- We have a mysteriously locking bathroom door that isn’t a problem or noticed until you’re standing outside it doing the pee-pee dance
- Rabbits. Everywhere there are rabbits
- The boys have had the same BB gun ammo for three years; they’ve used it all in three days
- Our 6yo is Pocahontas. He can sneak up on and catch a dove with his bare hands
- There is something quite charming about an old, hardwood floor’s patina after having been lived on for 30 years
- Old men who address each other with “Mr.” are even more charming than that hardwood floor
And now, about the house itself. We have a lot of projects, as in years of work. The house is a ranch, about 1800sf, with an unfinished basement of the same square footage. We are renovating the entire main floor, starting within the next two weeks. We have hired out most of the renovation since a lot of the work is way beyond our capacity of knowledge, but Hank will be doing demo and some finishing work. The renovation plans include:
- Building out a new chef’s kitchen (adding windows, demo-ing walls, etc.)
- Moving the laundry room from off of the kitchen to an area by the bedrooms
- Creating two bedrooms and a master bathroom out of three bedrooms
- Installing hardwood floors throughout
- Refacing the fireplace
- Replacing almost all windows and adding some new windows
- Interior paint throughout
- Exterior paint, trim, and accent pieces
This winter season, we’ll tackle the basement and build two bedrooms, a bathroom, a mechanical room, a couple of storage areas, and a rec room down there. The boys’ bedrooms will eventually be downstairs, with the 2nd main floor bedroom turning into a guest room.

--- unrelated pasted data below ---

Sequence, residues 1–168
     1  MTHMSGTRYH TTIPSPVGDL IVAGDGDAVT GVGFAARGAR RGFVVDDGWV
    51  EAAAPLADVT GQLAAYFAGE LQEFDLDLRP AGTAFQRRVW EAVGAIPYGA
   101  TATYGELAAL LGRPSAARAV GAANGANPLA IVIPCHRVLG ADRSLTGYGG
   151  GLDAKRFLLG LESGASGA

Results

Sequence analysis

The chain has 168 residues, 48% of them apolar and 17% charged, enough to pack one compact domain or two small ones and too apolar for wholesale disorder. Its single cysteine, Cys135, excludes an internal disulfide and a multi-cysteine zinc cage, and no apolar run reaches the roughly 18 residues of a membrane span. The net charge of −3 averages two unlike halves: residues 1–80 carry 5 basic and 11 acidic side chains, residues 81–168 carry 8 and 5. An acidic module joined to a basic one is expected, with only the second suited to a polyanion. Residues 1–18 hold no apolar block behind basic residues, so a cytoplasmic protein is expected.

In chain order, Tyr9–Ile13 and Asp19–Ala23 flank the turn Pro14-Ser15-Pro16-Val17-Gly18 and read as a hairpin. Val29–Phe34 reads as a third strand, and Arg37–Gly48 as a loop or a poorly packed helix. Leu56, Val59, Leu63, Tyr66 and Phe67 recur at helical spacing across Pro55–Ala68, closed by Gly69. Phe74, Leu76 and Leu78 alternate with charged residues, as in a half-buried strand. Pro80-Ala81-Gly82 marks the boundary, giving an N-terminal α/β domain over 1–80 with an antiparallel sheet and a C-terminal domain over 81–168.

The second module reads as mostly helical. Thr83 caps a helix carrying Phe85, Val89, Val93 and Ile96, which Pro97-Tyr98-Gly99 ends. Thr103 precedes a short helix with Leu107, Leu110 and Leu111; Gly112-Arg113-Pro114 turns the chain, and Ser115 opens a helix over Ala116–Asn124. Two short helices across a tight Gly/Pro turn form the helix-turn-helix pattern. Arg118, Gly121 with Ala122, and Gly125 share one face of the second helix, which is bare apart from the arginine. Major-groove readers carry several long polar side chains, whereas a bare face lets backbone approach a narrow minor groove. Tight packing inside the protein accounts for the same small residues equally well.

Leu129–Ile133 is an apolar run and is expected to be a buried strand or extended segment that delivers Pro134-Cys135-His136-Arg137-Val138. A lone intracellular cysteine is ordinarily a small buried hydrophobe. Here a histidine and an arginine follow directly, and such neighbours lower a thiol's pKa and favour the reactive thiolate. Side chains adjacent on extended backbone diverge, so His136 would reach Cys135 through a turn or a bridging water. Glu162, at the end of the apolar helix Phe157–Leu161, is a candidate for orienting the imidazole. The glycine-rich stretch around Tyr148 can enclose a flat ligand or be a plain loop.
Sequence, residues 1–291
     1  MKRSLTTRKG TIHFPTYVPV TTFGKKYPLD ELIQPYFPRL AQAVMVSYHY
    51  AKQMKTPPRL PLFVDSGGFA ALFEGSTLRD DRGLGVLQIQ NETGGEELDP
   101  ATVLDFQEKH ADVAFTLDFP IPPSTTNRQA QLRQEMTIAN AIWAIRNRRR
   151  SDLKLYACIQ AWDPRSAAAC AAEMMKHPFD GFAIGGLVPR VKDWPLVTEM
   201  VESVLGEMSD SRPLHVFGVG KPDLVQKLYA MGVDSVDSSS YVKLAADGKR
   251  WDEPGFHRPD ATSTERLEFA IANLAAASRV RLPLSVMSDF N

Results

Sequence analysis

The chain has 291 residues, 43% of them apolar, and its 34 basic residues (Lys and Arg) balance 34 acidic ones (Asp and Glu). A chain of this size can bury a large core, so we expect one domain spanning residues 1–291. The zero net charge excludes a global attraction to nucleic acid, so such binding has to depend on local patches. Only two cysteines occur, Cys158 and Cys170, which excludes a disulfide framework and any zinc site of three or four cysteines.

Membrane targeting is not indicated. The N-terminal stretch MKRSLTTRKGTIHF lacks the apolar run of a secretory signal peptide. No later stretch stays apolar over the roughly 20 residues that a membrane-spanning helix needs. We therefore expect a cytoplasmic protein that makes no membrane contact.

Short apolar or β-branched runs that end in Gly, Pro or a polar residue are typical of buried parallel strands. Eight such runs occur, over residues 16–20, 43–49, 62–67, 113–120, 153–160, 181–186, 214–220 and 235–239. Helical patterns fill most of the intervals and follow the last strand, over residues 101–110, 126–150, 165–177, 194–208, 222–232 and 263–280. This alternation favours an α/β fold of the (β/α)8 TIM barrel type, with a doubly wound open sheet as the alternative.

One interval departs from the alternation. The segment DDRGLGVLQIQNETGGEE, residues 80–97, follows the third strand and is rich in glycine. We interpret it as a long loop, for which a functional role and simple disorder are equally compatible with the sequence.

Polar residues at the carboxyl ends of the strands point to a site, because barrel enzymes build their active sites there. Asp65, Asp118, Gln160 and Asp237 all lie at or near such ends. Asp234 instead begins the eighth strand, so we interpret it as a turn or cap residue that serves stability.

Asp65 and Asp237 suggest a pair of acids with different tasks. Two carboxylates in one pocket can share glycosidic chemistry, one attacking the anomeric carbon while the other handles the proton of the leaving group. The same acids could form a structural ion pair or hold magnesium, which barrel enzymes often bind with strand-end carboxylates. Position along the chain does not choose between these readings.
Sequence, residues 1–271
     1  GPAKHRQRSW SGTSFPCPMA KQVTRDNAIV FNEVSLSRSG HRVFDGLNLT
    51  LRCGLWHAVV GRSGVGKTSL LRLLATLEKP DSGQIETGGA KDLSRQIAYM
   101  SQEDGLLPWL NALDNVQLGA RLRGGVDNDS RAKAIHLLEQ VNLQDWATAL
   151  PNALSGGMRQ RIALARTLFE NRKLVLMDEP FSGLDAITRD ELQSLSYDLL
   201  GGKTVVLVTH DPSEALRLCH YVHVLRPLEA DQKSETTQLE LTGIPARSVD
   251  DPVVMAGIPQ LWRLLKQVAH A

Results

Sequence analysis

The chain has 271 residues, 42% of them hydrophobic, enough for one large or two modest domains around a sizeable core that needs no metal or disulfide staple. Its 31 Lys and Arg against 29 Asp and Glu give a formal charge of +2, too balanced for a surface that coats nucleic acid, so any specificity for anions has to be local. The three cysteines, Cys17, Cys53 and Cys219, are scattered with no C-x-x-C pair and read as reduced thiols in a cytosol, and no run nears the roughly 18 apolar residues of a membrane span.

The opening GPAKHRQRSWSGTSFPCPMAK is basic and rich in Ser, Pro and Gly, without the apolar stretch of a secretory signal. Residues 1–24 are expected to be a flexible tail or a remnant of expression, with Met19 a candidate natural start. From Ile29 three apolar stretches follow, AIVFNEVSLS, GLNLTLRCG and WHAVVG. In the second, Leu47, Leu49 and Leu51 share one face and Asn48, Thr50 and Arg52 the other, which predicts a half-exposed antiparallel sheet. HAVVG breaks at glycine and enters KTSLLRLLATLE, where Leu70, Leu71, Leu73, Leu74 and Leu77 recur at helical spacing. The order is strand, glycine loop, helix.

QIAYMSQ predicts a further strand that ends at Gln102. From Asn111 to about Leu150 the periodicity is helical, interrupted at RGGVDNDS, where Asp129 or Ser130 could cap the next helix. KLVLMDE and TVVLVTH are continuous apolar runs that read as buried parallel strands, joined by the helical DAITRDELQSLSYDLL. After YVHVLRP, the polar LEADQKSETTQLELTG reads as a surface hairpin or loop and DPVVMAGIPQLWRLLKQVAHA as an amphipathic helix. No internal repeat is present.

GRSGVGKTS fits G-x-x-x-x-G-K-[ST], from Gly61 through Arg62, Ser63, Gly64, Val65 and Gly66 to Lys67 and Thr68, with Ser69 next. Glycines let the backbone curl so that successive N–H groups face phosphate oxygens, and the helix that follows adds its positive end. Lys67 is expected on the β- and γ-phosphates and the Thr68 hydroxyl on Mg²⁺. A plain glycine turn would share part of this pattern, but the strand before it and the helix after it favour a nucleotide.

Work to be done around the outside of the house will be another post. :) Too much for one!
Below are before pictures of the house, interior and exterior.
The house has quite possibly the most awkward front entrance I’ve ever seen. Eventually, we’ll extend the center roofline out to meet a circle drive. “Eventually” is the key word, there. Priorities, people.
The back deck. This deck leads out from the kitchen, and will have French doors installed during renovation. We have to remove the cedars taking over, as well.
The smaller area between the tree in the center of the photograph and the bushes on the right will open up from the master area into a private patio. That was originally going to be included in our renovation, but we were over budget. We’ll have the space reserved for the exterior door, have that installed at a later date, and DIY the patio ourselves.